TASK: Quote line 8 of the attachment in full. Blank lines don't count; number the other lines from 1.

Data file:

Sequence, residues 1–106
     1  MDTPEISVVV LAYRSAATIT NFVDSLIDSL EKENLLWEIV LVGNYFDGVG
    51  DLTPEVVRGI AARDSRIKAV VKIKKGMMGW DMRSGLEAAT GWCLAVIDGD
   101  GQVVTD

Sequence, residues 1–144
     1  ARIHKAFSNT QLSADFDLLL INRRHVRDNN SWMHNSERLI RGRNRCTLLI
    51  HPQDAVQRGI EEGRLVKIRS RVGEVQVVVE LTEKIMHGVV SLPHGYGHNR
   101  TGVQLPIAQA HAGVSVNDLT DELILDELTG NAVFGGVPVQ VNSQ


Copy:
   101  TGVQLPIAQA HAGVSVNDLT DELILDELTG NAVFGGVPVQ VNSQ